After a decade of bitter controversy, the World Cup in Qatar is now only eight months away.
Whatever happens once the tournament kicks off in November, it is destined to be remembered for issues off the pitch. Qatar’s human rights record and the appalling treatment of workers who have built much of its World Cup infrastructure have been in the spotlight again this week, with Norwegian Football Federation president Lise Klaveness telling the FIFA Congress: “In 2010 World Cups were awarded by FIFA in unacceptable ways with unacceptable consequences. Human rights, equality and democracy – the core interests of football – were not in the starting XI.”
The England squad have also addressed human rights abuses in the Gulf state, with the players holding a meeting, headed by Gareth Southgate, on Tuesday to talk about a collective response. Harry Kane has admitted he has “conflicting feelings” about playing in Qatar, while Jordan Henderson has said that some of the issues the squad have discussed are “horrendous”.
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Nonetheless, Southgate and the players are now tasked with preparing for the tournament as best they can. For the manager, the hardest job will be to choose his final 23-man squad.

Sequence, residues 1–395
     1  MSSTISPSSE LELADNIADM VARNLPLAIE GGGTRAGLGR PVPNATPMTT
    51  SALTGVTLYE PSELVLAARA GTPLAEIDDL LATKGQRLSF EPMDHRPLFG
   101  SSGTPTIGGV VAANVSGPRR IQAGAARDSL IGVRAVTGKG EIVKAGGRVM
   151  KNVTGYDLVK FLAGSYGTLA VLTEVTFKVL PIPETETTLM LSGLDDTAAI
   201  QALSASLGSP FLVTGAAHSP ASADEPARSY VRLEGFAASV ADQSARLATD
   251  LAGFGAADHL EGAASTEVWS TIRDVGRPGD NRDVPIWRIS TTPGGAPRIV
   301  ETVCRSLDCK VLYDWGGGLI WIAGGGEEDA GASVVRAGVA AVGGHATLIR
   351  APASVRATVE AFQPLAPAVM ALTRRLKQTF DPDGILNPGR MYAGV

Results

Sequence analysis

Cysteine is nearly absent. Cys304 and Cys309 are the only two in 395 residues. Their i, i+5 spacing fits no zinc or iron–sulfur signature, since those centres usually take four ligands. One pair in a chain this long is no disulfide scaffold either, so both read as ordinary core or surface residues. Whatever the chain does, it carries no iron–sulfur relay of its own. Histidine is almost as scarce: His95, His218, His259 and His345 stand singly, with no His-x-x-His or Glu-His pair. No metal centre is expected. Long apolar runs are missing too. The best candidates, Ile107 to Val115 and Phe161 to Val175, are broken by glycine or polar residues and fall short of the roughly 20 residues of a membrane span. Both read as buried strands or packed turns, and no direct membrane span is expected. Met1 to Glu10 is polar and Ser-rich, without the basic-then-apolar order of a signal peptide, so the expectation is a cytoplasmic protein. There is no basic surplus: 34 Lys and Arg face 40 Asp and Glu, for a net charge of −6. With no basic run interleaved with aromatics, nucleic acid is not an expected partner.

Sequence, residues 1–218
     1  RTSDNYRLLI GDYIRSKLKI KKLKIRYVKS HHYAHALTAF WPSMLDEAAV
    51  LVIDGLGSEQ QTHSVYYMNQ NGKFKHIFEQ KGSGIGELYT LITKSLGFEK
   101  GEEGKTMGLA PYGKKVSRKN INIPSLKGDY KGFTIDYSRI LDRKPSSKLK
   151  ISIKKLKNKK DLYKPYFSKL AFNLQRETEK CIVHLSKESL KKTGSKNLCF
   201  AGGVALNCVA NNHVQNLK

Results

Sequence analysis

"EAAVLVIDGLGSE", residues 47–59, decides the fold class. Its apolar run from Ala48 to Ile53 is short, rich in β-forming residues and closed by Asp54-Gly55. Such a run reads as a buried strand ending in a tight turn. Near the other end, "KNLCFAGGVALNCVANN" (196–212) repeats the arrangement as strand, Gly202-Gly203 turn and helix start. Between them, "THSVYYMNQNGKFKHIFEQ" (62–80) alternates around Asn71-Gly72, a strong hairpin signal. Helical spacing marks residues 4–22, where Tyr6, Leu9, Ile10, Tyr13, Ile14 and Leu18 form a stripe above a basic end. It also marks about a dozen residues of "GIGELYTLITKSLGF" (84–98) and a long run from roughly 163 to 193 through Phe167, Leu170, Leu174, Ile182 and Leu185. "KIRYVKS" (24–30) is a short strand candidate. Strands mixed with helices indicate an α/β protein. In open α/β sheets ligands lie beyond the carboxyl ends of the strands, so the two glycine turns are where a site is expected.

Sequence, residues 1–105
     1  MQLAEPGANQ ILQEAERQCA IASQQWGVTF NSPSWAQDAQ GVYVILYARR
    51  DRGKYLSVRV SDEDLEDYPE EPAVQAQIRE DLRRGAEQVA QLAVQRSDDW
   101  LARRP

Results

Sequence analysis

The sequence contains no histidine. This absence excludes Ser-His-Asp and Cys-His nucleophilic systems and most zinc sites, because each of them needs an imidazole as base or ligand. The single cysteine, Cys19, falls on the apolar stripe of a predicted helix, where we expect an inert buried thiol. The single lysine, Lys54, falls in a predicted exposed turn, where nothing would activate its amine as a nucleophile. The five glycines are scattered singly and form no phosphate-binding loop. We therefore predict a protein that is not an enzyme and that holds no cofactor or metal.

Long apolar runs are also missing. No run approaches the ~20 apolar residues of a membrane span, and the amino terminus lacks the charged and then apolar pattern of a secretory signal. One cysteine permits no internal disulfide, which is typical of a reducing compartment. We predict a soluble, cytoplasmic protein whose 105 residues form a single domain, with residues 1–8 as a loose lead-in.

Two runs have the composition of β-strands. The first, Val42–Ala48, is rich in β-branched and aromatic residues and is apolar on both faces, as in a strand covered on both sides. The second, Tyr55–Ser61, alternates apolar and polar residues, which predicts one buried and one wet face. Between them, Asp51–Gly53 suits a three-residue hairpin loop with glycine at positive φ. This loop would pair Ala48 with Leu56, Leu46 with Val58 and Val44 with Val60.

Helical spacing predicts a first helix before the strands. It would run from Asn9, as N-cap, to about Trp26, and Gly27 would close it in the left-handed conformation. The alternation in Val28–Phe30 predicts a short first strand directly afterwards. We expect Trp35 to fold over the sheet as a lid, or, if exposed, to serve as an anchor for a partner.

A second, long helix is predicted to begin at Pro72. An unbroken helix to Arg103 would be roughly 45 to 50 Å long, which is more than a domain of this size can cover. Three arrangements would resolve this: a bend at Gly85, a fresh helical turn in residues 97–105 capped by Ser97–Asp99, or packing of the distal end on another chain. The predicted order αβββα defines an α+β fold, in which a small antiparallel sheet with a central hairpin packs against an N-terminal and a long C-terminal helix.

With England arguably able to draw from a deeper pool of talent than at any time in the modern era, Southgate has some big decisions to make. While his thinking will no doubt be influenced by club form and international performances in the interim, there are several players who didn’t feature during this international break who ought to get a look in.
That will, of course, mean that others have to miss out. Here’s who we reckon should make the cut.


There are no big selection dilemmas between the sticks, with Jordan Pickford still England’s clear first choice. He may be in the midst of a difficult season with Everton but he is one of Southgate’s trusted lieutenants and, while there may have to be a rethink if Frank Lampard’s side are relegated come May, he seems to be relatively secure at international level.
That could change if Aaron Ramsdale continues his fine form for Arsenal, mind, even if he didn’t link up with the squad for this international break owing to injury. Nick Pope is an excellent deputy and did well in the 3-0 win against Ivory Coast, even if he didn’t have masses to do against England’s 10-man opponents.
On the plane: Jordan Pickford, Aaron Ramsdale, Nick Pope.


Now, here’s where it gets tricky. One notable absentee from recent squads is Fikayo Tomori, who has been excellent for AC Milan this season as the Rossoneri have climbed to the summit of Serie A.
While he doesn’t have a huge amount of time to get up to speed at international level before the World Cup – Southgate would need to integrate him into the squad and give him playing time in England’s Nations League fixtures during the summer and autumn – Tomori is hard to overlook on form. If he wins the Scudetto this term and continues to perform well in Italy, he could force his way in at the expense of Conor Coady who, despite being heralded for his contribution behind the scenes, ultimately didn’t make an appearance at Euro 2020.